Sometimes technology is pretty amazing. Here is a case where scientists dreamed up a solution to a little girl’s mobility challenge. She was born with a birth defect that left her unable to lift her arms, even after extensive surgery.
In this case, the technology of a special prosthesis allows her to move her arms and interact with the world. Emma calls them her magic arms. Clearly this has created exciting possibilities for Emma and her family.
However, in this article by Mark Schaefer, technology doesn’t look so great. He has an imaginary conversation with Andy Warhol about social media. He talks about the limits of facebook as a venue and cell phones as our primary communication tool. Yes we get the ability to share ideas, photos, stories with our friends, and make new friends, but mostly we share the same old rehashed advice. We don’t own our creative work, and we must fit it into the small size of a cell phone screen.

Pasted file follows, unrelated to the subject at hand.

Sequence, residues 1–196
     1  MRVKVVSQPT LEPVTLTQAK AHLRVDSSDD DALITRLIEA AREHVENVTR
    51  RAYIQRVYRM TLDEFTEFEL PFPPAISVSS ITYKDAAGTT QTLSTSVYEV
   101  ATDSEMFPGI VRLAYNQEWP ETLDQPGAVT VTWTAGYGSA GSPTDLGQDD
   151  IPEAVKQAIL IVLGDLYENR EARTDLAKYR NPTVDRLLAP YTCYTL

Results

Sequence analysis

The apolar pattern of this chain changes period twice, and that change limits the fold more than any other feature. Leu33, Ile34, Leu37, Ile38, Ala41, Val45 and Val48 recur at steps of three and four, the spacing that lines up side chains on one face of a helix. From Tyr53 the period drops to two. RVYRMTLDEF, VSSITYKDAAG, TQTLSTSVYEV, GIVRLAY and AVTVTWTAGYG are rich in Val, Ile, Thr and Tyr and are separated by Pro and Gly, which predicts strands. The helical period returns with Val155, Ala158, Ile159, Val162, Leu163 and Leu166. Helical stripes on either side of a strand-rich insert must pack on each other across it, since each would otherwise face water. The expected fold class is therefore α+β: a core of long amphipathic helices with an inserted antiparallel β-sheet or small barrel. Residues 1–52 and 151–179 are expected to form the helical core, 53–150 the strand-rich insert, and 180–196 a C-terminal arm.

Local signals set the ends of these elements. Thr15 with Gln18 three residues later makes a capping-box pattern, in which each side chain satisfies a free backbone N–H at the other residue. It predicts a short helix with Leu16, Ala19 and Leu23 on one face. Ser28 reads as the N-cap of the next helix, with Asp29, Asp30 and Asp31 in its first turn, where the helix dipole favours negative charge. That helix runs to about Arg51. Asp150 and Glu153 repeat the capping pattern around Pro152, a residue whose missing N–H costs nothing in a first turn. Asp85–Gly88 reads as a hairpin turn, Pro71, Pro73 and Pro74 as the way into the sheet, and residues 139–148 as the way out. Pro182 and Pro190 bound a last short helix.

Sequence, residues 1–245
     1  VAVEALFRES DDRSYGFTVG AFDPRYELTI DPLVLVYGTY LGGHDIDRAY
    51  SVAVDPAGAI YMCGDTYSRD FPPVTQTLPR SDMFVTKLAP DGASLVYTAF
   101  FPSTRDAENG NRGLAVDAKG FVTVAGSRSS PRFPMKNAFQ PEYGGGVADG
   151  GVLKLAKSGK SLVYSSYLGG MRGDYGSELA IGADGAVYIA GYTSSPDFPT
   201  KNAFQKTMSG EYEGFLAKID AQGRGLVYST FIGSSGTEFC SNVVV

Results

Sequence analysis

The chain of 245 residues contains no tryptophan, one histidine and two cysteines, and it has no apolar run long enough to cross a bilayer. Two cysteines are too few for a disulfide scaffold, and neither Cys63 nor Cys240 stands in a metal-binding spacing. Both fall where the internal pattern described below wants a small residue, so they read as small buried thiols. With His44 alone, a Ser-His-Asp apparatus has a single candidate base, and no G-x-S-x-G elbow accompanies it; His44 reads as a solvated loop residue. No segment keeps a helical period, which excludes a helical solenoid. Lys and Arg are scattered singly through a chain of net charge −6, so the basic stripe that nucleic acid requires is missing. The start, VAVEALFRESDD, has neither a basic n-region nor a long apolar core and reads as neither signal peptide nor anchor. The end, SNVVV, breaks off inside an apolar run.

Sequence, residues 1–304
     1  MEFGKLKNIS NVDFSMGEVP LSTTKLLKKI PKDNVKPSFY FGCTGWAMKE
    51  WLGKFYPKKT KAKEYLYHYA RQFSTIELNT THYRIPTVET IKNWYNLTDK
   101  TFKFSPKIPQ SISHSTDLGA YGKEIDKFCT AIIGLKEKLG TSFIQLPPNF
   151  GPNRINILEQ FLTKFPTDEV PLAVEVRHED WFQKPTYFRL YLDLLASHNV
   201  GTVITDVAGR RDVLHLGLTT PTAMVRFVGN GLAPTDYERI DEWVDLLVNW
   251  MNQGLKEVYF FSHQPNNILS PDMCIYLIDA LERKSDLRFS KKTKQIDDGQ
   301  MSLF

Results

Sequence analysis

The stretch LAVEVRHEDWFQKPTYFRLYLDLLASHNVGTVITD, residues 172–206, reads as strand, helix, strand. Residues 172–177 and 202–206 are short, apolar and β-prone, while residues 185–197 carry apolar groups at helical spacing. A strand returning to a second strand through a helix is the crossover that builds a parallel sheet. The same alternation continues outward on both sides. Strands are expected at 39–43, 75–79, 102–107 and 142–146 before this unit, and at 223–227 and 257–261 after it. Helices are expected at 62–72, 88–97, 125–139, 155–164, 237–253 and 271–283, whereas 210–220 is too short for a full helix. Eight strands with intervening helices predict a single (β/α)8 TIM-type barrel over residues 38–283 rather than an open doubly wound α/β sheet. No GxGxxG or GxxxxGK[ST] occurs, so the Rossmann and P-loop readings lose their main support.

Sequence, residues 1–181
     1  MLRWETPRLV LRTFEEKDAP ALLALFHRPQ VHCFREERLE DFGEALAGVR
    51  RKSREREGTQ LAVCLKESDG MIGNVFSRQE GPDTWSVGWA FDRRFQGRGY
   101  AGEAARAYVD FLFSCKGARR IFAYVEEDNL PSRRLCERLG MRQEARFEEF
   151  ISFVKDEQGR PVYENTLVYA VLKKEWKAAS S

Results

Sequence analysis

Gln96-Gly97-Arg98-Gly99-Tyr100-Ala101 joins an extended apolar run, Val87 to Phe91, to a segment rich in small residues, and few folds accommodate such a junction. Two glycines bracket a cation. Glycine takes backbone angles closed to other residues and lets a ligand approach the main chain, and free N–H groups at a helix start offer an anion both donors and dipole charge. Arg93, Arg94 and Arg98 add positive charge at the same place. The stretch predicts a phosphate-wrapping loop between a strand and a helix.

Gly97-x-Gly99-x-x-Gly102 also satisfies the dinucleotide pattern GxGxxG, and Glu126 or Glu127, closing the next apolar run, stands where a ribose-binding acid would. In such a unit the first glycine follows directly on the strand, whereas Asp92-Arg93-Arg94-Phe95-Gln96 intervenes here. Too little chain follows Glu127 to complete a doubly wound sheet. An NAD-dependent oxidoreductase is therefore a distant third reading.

The question remains as to whether technology is helping us to improve the quality of our lives. I’m not convinced. Modern living has us spending more time working alone in physical or mental realms, interacting with our computers instead of interacting with people and nature. The computer is my constant companion, even when I’m on the go with my smartphone. I’d rather have a smart chip installed in my body so that I can get back to focusing on people. How can technology help to improve relationships with people and the planet?
This line of questioning probably seems odd coming from the innovation officer at Blue Zoo Creative. I understand that ultimately technology will keep moving in the path that we move it. Much like the debates over arms, technology is not inherently good or bad. The key is how we use it.
We need to dream up more creative, life enhancing uses of technology. How about technology that helps us live gently on the planet? Let’s use technology wisely for the good of all. Then I would be glad to call technology my friend. Here are some creative ideas from TED on energy efficiency that may help turn the tide.
What do you think? Is technology our friend? I’d love to hear your feedback.
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Brad, chief of questions.